VTK/Image Interpolators

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Image interpolation is done internally by several VTK classes, but there is no easy way for users to interpolate an image directly. Neither is there any straightforward way of adding new interpolation methods to VTK, since each VTK class that uses image interpolation has its own internal code for this purpose. The goal of this project is to add a vtkImageInterpolator class to VTK that provides a clean API for image interpolation.

The interpolation code was merged into VTK on Sept 15, 2011. It is in VTK 5.10 and later releases.

The author of this document is David Gobbi. He can be reached on the vtk-developers mailing list.


Within the imaging pipeline, interpolation is performed by vtkImageReslice, vtkImageResample, and vtkImageResize. These classes use interpolation to resample a whole image, but are not useful when a user wants to interpolate just a few points. Also, the code for vtkImageReslice is quite complex, so adding new interpolation modes to this class is beyond the abilities of most VTK programmers, and any programmer who did so would either have to submit their changes to Kitware, or maintain their own version of vtkImageReslice.

The obvious way to resolve this issue is to move the interpolation code out of vtkImageReslice and into its own interpolator class (or classes), and add a SetInterpolator() method to vtkImageReslice. This is, in fact, something that I have wanted to do for around 10 years, but found very difficult to do because the vtkImageReslice interpolation code was very tightly integrated with the class for performance reasons. It was a requirement of this project that factoring out the interpolation code would not result in any significant loss of performance.

I had also planned to unify the interpolation code between the imaging pipeline and the geometry pipeline, so that these interpolators could be used with e.g. vtkProbeFilter, but decided to delay the unification until a future project. The main difference between the VTK image pipeline and the VTK geometry pipeline is that the former utilizes only scalars and structured coordinates for interpolation, while the latter utilizes all the arrays in the data set's PointData along with the point and connectivity information. It will be possible to provide a unified interface at some point in the future, by providing interpolation methods that operate on all of the PointData instead of just on the scalars.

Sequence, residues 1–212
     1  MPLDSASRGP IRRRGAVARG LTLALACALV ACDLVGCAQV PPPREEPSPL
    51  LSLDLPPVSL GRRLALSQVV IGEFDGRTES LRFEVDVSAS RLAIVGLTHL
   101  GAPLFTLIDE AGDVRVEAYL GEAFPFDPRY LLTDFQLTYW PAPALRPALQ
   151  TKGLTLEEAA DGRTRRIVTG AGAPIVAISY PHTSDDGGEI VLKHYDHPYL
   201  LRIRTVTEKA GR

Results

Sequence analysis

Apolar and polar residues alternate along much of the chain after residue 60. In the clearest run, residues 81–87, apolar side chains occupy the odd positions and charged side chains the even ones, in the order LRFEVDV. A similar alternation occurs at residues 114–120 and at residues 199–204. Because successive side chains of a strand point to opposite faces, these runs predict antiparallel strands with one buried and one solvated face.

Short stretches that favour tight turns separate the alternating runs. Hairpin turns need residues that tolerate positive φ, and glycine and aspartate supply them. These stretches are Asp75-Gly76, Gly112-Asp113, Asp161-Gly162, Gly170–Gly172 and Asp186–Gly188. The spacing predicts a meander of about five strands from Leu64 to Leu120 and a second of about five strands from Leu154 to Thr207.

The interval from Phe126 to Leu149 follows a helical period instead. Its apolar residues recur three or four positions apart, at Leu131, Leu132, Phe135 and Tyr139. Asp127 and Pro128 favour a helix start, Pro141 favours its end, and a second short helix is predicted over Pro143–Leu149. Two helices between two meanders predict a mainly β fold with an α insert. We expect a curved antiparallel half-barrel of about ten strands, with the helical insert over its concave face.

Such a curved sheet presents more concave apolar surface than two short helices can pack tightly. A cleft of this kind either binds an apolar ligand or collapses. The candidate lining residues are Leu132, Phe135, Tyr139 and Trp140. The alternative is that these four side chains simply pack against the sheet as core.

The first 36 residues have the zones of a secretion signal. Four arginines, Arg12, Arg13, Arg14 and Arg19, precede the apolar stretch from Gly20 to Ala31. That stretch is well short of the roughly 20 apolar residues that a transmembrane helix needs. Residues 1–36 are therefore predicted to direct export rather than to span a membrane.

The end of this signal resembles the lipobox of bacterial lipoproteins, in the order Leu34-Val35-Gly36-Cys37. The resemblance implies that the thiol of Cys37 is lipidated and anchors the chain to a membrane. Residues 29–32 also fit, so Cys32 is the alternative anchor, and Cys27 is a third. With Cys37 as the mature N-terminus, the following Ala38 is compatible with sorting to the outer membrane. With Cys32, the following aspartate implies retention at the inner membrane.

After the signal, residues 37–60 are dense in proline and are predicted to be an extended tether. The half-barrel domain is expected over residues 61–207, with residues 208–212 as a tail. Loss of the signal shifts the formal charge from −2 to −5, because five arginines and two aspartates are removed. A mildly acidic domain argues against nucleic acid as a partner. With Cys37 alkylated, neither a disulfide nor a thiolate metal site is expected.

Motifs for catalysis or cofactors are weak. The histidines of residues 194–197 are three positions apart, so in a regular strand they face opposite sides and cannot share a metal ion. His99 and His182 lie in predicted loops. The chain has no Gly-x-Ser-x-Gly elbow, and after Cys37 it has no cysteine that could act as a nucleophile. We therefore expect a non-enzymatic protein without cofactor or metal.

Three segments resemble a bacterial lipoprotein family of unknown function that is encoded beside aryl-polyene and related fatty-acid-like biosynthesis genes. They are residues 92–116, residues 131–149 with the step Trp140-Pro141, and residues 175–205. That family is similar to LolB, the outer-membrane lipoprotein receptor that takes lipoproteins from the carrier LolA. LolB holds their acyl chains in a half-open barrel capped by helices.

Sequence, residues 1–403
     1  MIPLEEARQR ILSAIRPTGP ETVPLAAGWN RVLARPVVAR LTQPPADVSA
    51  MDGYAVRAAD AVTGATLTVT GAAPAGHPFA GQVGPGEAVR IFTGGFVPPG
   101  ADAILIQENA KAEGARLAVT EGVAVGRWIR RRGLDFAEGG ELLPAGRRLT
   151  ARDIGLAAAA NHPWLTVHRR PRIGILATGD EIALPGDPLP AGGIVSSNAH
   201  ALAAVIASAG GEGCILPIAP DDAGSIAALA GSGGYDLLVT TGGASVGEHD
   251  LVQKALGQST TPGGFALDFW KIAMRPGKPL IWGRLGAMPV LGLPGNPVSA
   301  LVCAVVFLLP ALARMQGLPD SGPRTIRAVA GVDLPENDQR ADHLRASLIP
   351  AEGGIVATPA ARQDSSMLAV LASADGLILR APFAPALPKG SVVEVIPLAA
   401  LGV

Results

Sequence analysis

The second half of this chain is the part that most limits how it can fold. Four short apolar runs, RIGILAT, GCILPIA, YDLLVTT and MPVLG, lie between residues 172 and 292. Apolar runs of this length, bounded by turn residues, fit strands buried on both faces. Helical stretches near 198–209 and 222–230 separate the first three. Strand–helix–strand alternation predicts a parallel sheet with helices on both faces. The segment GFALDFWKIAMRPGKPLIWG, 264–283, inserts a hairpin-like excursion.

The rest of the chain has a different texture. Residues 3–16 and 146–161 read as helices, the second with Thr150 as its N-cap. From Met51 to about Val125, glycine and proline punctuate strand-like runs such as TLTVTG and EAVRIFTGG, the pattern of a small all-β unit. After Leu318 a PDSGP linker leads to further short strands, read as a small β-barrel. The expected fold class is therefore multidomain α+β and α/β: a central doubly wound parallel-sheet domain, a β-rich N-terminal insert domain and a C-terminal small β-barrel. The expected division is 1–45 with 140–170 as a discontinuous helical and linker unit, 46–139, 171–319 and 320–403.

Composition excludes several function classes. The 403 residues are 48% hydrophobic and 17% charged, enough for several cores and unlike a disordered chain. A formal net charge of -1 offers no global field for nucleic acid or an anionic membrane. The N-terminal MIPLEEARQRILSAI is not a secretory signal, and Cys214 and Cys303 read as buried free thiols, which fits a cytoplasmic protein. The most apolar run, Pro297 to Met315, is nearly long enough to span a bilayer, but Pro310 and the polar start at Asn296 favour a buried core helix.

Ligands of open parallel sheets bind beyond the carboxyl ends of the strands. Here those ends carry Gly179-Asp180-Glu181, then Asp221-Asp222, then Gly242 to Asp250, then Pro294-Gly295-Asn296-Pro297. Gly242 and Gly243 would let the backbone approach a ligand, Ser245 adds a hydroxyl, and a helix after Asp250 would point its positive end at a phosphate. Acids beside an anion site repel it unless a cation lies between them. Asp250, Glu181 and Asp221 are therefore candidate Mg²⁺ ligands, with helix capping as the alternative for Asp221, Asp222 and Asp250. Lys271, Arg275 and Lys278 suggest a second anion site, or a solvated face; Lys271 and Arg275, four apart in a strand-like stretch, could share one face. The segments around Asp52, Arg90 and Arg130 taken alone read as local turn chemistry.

• vtkAbstractImageInterpolator - provides abstract interface
    • vtkImageInterpolator - basic linear, cubic, nearest-neighbor interpolation
    • vtkImageSincInterpolator - sinc interpolation
    • vtkImageBSplineInterpolator - b-spline interpolation

Python usage example with vtkImageReslice

interp = vtkImageSincInterpolator()

reslice = vtkImageReslice()

Abstract Interface


Basic interface methods

  • Initialize(vtkDataObject *data) - set the data to be interpolated (if not used with an image filter)
  • SetOutValue(double v) - set value to return for out-of-bounds lookup
  • Update() - needs to be called if you call any Set method after having called Initialize()
  • double Interpolate(double x, double y, double z, int component) - for Python/Tcl/Java
  • bool Interpolate(const double point[3], double *value) - for use from C++
  • int GetNumberOfComponents() - get the number of components returned by Interpolate
  • ReleaseData() - release the data


  1. GetNumberOfComponents() gives the number of components that Interpolate(double point[3], double *value) should expect.
  2. Interpolate(const double point[3], double *value) returns false if the point was out of bounds, while setting all components to the OutValue.
  3. ReleaseData() releases the interpolator's reference to the image scalars.
  4. The Initialize() method causes the interpolator to store a pointer to the image scalars array. It does not store a pointer to the whole vtkImageData object. The reason for this is garbage collection efficiency.
  5. Calling Update() only updates the interpolator, it does not update the data. You must ensure the data has been updated before calling Initialize().

Advanced methods

  • SetComponentOffset(int offset) - set the first component to be interpolated
  • SetComponentCount(int count) - set the number of components to interpolate (default: all)
  • SetBorderMode(int mode) - control lookups at or beyond the image bounds